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Wireless Security
We have thousands of posts on a wide variety of open source and security topics, conveniently organized for searching or just browsing.



Cracking WEP in 10 minutes  08 June 2005 
Source: Jon Udell's Weblog - Posted by Pax Dickinson   
Yesterday I started noticing referral traffic from myscreencast.com, a phpbb-based community site for finding and sharing screencasts. The most entertaining one I found is called Cracking WEP in 10 minutes. It was produced with Camtasia, but the action takes place in Whoppix, which describes itself thusly:

Whoppix is a stand alone penetration testing live cd based on Knoppix. With the latest tools and exploits, it is a must for every penetration tester and security auditor.

 
New hack cracks 'secure' Bluetooth devices  03 June 2005 
Source: New Scientist - Posted by Pax Dickinson   
Cryptographers have discovered a way to hack Bluetooth-enabled devices even when security features are switched on. The discovery may make it even easier for hackers to eavesdrop on conversations and charge their own calls to someone else’s cellphone.

 
An Easier Way To Secure Wireless Networks  23 May 2005 
Source: Security Pipeline - Posted by Pax Dickinson   
Best Buy reports that its most frequently returned products are Wi-Fi networking gear. While many end users want the benefits of Wi-Fi, apparently very few can figure out how to set the wireless security features and get them working properly. Even experienced networking pros have trouble configuring security on today's Wi-Fi networks.

 
VeriSign to put more backbone into the Net  20 May 2005 
Source: CNET News - Posted by Pax Dickinson   
VeriSign plans to significantly increase the number of DNS servers it operates, a move that it says will make a key part of the Internet's infrastructure more resilient to cyberattacks.

Over the next year, VeriSign aims to place additional replicas of one of its Domain Name System root servers--the "J"--in up to 100 data centers around the world, Aristotle Balogh, VeriSign's senior vice president of operations and infrastructure, said in an interview with CNET News.com on Thursday. The company runs two of the DNS root servers--the "A" is the other--that form an essential part of the Internet's naming system.

 
Hotspot Hacking And How To Fight It  25 April 2005 
Source: Security Pipeline - Posted by Pax Dickinson   
Use of public wireless hotspots is increasing, giving mobile workers and others access to essential data. The bad news: Security threats against hotspot users also are increasing.

That's the word from Richard Rushing and he should know since he is chief security officer for AirDefense, which specializes in security of mobile workers.

 
Using Intrusion Detection Systems To Keep Your WLAN Safe  06 April 2005 
Source: Security Pipeline - Posted by Pax Dickinson   
Wireless LANs utilize radio waves for transporting information, which results in security vulnerabilities that justifiably worry network managers. To assuage those worries, most companies implement authentication and encryption to harden security.

However, WLANs have a whole host of other vulnerabilities that can be more difficult to completely smother such as illicit monitoring, unauthorized access, and denial of service (DoS) attacks. For example, someone using a wireless sniffer, such as the freely-available NetStumbler, can easily monitor wireless traffic for fun or malicious intent while sitting in their car next to your office building.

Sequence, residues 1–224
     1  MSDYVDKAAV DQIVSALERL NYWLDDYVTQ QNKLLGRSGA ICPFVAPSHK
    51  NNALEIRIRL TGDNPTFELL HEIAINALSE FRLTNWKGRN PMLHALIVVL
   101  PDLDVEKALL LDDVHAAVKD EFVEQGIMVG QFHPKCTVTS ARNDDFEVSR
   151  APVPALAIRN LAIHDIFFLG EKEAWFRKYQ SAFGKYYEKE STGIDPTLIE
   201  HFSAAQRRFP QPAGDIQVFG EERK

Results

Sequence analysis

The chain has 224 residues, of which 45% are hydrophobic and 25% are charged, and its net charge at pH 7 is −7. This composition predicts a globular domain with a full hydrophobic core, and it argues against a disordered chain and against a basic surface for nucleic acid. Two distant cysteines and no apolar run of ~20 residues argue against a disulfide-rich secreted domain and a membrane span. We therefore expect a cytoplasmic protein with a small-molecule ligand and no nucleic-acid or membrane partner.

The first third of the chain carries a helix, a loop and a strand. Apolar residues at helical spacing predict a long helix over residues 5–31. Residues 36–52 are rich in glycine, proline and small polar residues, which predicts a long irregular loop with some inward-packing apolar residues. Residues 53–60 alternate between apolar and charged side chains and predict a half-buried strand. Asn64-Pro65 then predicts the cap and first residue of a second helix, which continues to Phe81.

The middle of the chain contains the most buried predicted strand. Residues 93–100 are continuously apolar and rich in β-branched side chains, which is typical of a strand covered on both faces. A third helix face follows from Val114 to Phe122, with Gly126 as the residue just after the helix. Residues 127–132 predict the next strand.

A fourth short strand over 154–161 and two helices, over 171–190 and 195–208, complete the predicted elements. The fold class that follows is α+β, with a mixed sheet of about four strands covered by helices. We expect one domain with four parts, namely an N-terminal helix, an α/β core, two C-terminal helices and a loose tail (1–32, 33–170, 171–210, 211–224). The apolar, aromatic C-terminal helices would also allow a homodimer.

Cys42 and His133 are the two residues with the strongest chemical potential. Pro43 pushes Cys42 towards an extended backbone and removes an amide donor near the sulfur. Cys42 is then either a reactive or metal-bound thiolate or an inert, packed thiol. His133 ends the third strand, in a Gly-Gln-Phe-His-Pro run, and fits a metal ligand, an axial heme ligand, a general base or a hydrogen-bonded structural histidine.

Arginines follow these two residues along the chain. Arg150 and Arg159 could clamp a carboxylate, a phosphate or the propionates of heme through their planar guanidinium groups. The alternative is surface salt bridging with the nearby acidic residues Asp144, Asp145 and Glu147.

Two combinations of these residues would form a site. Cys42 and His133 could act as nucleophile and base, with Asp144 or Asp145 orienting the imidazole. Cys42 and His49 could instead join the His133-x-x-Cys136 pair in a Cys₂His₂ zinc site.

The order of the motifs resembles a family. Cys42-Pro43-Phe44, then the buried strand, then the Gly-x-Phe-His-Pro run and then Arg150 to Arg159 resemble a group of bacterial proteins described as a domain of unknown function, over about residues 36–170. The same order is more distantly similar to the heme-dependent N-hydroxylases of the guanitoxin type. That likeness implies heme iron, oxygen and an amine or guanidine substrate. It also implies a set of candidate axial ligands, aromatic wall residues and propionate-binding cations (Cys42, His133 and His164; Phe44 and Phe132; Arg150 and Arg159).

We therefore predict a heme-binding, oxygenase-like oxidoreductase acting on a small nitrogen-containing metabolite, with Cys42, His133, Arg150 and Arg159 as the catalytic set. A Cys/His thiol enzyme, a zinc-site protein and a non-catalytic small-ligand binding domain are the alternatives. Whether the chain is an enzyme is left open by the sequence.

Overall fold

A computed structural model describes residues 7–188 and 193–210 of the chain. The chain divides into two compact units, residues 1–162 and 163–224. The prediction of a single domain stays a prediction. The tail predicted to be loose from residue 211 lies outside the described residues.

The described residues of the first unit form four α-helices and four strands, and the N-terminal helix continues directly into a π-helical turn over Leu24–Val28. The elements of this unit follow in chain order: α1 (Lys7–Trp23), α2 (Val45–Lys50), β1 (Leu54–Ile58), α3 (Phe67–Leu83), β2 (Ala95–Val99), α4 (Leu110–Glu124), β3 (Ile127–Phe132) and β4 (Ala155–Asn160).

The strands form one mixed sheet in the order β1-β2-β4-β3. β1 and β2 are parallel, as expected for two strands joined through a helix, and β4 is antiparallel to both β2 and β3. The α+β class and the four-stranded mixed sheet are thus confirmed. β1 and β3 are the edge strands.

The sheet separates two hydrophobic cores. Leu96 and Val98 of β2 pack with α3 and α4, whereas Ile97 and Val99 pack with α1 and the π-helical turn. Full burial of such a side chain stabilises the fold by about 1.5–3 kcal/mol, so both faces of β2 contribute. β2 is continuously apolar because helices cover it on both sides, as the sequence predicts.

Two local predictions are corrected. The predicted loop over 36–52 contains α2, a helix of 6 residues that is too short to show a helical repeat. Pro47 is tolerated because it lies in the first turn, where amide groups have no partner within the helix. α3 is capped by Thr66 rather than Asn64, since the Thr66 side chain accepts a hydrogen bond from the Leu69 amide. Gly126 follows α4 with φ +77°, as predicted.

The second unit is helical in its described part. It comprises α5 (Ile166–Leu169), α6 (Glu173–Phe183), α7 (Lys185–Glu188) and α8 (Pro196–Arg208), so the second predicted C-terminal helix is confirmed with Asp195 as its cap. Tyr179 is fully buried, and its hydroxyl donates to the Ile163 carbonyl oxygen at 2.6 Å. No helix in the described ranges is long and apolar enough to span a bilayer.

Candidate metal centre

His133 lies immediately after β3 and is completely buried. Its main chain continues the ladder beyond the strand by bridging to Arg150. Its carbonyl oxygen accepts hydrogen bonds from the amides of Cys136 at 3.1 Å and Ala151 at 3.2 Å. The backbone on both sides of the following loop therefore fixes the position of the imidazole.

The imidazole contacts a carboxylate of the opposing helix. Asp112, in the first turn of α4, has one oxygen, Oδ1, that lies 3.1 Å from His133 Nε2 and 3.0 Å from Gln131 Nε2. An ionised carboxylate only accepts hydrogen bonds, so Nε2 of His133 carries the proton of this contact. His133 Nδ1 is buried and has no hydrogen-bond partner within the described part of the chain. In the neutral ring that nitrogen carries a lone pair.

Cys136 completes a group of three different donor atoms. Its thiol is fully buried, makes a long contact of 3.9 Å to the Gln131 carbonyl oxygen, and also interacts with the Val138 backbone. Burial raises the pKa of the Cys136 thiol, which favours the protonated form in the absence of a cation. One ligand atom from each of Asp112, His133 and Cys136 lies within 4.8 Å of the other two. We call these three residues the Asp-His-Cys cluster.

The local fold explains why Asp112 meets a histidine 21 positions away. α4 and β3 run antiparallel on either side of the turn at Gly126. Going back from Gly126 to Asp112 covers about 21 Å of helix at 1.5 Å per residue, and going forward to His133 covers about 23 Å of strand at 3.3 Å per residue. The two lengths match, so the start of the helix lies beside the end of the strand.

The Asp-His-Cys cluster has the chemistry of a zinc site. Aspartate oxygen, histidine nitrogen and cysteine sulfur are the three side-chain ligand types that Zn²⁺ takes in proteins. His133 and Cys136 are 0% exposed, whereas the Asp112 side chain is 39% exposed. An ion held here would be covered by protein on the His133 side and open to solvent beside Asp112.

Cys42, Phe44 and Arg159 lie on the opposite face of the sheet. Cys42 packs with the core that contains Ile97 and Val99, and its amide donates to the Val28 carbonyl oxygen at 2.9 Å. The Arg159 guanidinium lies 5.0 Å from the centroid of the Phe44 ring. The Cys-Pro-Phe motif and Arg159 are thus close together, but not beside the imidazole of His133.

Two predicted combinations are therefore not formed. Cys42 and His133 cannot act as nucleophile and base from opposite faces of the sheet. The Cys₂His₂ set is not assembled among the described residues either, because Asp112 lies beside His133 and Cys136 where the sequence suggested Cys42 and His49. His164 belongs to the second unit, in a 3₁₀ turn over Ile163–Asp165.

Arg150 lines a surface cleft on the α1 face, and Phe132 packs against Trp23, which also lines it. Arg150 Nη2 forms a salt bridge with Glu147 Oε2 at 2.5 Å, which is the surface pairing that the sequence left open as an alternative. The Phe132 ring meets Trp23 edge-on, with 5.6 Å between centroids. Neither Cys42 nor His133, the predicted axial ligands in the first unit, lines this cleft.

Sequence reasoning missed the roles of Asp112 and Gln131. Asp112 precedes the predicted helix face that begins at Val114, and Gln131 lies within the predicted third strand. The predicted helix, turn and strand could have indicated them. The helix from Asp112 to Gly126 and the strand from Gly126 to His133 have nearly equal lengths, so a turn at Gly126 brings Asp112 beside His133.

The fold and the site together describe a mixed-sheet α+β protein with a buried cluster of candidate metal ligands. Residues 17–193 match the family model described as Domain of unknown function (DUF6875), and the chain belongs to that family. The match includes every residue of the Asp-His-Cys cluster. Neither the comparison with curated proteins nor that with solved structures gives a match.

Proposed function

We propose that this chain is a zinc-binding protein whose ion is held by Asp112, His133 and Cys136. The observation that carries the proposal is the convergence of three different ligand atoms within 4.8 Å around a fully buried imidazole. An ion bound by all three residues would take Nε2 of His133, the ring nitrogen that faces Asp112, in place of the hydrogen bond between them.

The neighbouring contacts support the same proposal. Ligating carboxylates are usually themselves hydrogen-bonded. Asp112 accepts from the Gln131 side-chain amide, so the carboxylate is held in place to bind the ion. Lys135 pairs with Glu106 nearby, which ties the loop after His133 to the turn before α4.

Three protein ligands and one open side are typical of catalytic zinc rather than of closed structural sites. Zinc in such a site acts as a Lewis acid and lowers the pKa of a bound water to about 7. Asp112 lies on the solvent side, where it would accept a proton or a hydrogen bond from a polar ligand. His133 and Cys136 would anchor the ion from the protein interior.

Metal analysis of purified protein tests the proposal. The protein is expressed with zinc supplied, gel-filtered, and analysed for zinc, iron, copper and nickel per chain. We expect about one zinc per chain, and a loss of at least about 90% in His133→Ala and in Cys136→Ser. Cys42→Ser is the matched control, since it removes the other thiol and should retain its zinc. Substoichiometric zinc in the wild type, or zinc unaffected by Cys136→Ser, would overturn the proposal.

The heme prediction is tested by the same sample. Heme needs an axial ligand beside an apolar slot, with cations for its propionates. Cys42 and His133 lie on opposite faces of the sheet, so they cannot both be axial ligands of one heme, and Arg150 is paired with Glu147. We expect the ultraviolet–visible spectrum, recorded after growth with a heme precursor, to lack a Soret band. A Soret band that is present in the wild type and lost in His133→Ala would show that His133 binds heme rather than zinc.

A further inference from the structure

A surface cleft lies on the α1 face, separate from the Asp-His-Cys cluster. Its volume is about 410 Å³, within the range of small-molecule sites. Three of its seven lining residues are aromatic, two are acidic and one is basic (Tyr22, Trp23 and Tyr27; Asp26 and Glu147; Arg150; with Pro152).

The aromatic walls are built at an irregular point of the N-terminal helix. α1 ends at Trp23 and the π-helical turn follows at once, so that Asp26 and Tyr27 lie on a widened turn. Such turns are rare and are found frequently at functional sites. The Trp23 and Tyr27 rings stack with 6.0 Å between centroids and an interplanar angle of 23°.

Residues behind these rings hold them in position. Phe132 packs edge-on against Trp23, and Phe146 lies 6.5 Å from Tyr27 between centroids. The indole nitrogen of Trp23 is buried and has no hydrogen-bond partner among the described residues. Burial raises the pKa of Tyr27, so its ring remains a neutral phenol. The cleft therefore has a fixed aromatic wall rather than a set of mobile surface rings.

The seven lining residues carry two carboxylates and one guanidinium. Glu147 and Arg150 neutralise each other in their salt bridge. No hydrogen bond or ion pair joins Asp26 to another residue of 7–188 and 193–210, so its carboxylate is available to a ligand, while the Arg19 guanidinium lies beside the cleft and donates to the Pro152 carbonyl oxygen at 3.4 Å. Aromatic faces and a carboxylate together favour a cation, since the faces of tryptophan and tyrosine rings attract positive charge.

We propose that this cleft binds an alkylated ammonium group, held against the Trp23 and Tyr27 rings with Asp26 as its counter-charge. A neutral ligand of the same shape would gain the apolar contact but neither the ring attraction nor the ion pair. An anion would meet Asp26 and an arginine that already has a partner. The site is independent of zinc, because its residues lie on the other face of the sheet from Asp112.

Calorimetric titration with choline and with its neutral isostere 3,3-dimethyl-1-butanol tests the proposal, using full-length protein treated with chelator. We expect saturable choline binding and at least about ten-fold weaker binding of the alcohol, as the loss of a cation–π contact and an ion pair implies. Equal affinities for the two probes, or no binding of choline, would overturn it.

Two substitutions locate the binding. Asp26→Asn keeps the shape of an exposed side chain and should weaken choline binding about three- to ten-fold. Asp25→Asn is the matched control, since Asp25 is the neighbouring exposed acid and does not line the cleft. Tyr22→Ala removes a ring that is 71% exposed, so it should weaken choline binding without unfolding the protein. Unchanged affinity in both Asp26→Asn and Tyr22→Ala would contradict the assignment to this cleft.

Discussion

How 20% effort can get you 80% security  06 April 2005 
Source: TechTarget.com - Posted by Benjamin D. Thomas   
To manage risk, maintain razor-sharp security architecture and still enjoy a peaceful night's sleep, security professionals at this week's InfoSec World conference offered this advice: Know your limits, speak the boss's language and embrace change. It also wouldn't hurt to learn the 80/20 principle -- the theory of 19th-century economist-mathematician Vilfredo Pareto that 20% of what you do makes 80% of the difference.

 
Mobile-proofing your network  04 April 2005 
Source: SearchSecurity - Posted by Pax Dickinson   
A stolen laptop made public last week by the University of California, Berkeley contained unencrypted personal data on nearly 100,000 graduate students and applicants and is just the latest case to underscore the need for increased protection of personal information.

 
The 10 Worst Security Practices  28 March 2005 
Source: Security Pipeline - Posted by Pax Dickinson   
Security specialists are constantly on the lookout for proven methods we can replicate to keep our networks and data safe. Independent consultants provide an outsider's perspective and carry with them the aggregate experience of helping hundreds of clients. But not every practice consultants see in the field is a good one--in fact, they encounter some stunningly bad ideas. Because sometimes one whopper of a mistake can be more instructive than a binder's worth of best practices, we interviewed more than a dozen security consultants to arrive at our 10 worst practices list. See which ones apply to you, then check our links for advice on how to do things better.

 
Wi-Fi Hotspot Security  16 March 2005 
Source: ComputerSecurityNews - Posted by Benjamin D. Thomas   
You've set up your Boingo account, you're hanging out at the Home Turf sports bar in LAX and you figure you'll do a little business or check your e-mail while sipping a Chardonnay. Well, that's the point of all this; being able to take care of a few things while in a relaxing atmosphere. Don't, however, get so relaxed that you ignore security and give all your confidential information to some unscrupulous hacker. Yeah, you see the guy. He's over in the corner wearing that fake nose and glasses with the ridiculous Bozo the Clown cap. Yep, drinking a Blatz.

 
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